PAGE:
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FDA OKs HPV DNA test for primary cervical cancer screening
Medscape
The U.S. Food and Drug Administration recently approved the cobas HPV test for primary cervical cancer screening in women aged 25 years or older. This is the first human papillomavirus DNA test approved in the U.S. that can be used alone to detect high-risk HPV.
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Report: Pancreatic cancer 2nd most deadly by 2030
CNN
By 2030, the top cancer killers in the U.S. will be lung, pancreas and liver, according to a new report published recently in the American Association for Cancer Research's journal. Researchers looked at trends in cancer incidence and death rates between 2006 and 2010, and used that data — combined with expected U.S. demographic changes — to predict numbers for 2030.
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CDC: Measles cases reach 20-year high in the United States
Reuters
Measles cases have hit a 20-year high in the U.S., a troubling increase fueled by international travel by people who have not been vaccinated against the virus, the Centers for Disease Control and Prevention said. Between Jan. 1 and May 23 of this year, 288 measles cases were reported to the federal health agency, the highest year-to-date total since 1994, officials said.
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ID update 2014: New threats, old antibiotics
Medscape
VideoBrief The major story of the year, which we have known was coming for a decade, is antibiotic resistance and fear of the inability to treat common infectious diseases that we currently see. Dr. John G. Bartlett, professor emeritus at Johns Hopkins University, provides an update on infectious disease.
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Sneaky bacteria change key protein's shape to escape detection
Journal of the American Chemical Society
Every once in a while in the U.S., bacterial meningitis seems to crop up out of nowhere, claiming a young life. Part of the disease's danger is the ability of the bacteria to evade the body's immune system, but scientists are now figuring out how the pathogen hides in plain sight. Their findings, which could help defeat these bacteria and others like it, appear in the Journal of the American Chemical Society.
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Study: Children more likely than adults to be resistant to HIV medications
Tulane University via HealthDay News
Children born with HIV face a greater risk of developing resistance to life-saving antiretroviral drugs than HIV-infected adults do, according to new research. The study looked at 450 HIV-infected children across the U.S. and found that 74 percent were resistant to at least one type of HIV drug, and 30 percent were resistant to two classes of drugs. By comparison, the rates in HIV-infected adults were 36 percent and 12 percent, respectively.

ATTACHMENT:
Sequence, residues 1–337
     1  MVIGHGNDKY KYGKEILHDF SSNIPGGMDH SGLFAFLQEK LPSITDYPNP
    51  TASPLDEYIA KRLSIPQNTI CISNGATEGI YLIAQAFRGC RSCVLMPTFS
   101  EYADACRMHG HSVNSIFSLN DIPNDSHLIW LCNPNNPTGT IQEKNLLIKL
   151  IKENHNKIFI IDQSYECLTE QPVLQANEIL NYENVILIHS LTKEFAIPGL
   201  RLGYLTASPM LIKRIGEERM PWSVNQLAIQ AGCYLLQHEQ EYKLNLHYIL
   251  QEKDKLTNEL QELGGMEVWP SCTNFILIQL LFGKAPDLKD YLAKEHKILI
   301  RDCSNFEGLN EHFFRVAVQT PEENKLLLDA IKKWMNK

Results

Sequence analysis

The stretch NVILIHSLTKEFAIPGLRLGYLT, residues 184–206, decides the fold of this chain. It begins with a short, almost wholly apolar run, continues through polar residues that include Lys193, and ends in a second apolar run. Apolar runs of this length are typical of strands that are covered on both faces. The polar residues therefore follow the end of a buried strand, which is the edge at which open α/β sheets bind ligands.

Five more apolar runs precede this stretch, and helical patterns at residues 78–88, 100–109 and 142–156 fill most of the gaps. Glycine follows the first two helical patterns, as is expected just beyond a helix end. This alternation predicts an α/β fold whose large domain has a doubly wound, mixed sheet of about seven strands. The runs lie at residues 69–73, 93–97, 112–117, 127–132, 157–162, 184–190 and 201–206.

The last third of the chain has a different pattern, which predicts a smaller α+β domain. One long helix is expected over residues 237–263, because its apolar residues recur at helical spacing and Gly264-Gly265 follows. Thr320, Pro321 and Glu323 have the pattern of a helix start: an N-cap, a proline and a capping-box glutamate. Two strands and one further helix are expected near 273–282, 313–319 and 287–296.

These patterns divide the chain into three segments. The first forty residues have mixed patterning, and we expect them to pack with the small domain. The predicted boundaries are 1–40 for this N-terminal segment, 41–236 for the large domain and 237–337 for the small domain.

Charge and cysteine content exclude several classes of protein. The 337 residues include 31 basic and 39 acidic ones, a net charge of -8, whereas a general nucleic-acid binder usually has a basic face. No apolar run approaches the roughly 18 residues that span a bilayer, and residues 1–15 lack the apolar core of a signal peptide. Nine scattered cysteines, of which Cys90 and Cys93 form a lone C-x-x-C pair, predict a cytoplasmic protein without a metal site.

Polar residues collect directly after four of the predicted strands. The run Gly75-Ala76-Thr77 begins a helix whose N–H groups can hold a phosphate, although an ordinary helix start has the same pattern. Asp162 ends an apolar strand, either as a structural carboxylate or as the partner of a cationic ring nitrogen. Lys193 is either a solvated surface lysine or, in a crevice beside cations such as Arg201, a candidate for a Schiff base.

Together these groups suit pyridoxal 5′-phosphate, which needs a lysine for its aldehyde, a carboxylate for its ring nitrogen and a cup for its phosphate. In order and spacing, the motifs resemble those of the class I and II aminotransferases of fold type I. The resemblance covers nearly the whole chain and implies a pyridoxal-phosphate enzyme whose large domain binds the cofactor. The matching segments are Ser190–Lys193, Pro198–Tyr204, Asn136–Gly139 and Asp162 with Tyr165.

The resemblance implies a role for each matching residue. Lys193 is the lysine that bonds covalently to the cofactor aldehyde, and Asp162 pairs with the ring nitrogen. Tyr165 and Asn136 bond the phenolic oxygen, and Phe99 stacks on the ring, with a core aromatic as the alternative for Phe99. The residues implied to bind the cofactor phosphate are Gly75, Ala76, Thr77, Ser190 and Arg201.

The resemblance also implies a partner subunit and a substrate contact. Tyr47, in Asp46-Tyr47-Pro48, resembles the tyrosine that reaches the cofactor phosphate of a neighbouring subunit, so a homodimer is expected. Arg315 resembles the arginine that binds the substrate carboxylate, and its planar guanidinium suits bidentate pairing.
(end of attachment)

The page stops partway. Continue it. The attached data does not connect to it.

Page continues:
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Looking for similar articles? Search here, keyword HIV




USPSTF shifts course, favors hepatitis B screening
Medscape
Persons at high risk for hepatitis B virus infection should be screened, according to a new recommendation from the U.S. Preventive Services Task Force. Dr. Michael L. LeFevre and colleagues, on behalf of the USPSTF, published the recommendations online May 27 in the Annals of Internal Medicine.
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Amber discovery indicates Lyme disease is older than human race
Oregon State University via Phys.org
Lyme disease is a stealthy, often misdiagnosed disease that was only recognized about 40 years ago, but new discoveries of ticks fossilized in amber show that the bacteria that cause it may have been lurking around for 15 million years — long before any humans walked on Earth. The findings were made by researchers from Oregon State University, who studied 15-20 million-year-old amber from the Dominican Republic that offer the oldest fossil evidence ever found of Borrelia, a type of spirochetelike bacteria that to this day causes Lyme disease.
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TRENDING ARTICLES
Missed last week's issue? See which articles your colleagues read most.

    Research: MRSA lives for a week on pockets in airplanes (The Washington Post)